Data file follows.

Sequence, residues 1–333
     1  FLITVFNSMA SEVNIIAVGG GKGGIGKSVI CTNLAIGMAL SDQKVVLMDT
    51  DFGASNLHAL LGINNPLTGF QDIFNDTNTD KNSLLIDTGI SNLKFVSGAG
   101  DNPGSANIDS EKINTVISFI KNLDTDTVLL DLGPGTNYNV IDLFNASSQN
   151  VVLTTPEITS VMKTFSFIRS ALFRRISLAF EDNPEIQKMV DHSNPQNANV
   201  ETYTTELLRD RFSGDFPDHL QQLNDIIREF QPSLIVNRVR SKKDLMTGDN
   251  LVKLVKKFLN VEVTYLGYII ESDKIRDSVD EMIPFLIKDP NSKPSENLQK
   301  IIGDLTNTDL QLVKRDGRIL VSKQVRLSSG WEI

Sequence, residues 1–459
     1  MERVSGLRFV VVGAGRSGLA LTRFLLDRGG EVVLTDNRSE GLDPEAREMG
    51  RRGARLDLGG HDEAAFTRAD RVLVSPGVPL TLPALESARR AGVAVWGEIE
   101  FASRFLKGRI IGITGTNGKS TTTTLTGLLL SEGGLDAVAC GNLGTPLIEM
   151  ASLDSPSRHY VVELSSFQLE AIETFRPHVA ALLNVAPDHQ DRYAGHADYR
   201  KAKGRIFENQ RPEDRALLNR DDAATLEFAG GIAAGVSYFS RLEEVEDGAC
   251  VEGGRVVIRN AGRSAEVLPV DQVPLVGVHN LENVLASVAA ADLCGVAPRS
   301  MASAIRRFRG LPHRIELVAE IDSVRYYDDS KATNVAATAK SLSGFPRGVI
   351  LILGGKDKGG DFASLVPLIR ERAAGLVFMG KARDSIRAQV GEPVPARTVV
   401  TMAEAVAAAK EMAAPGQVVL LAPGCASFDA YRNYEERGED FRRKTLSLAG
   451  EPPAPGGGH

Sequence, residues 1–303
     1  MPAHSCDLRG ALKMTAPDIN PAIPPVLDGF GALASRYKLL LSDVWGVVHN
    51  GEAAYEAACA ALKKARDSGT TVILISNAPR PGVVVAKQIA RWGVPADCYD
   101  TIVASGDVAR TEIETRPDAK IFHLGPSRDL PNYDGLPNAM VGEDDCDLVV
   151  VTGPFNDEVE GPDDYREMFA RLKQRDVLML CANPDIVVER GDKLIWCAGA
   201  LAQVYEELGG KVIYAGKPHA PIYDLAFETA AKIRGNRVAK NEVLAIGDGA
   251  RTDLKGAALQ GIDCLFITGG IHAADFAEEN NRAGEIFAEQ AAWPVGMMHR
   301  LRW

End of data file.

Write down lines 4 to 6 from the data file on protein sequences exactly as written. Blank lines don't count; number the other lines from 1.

   101  DNPGSANIDS EKINTVISFI KNLDTDTVLL DLGPGTNYNV IDLFNASSQN
   151  VVLTTPEITS VMKTFSFIRS ALFRRISLAF EDNPEIQKMV DHSNPQNANV
   201  ETYTTELLRD RFSGDFPDHL QQLNDIIREF QPSLIVNRVR SKKDLMTGDN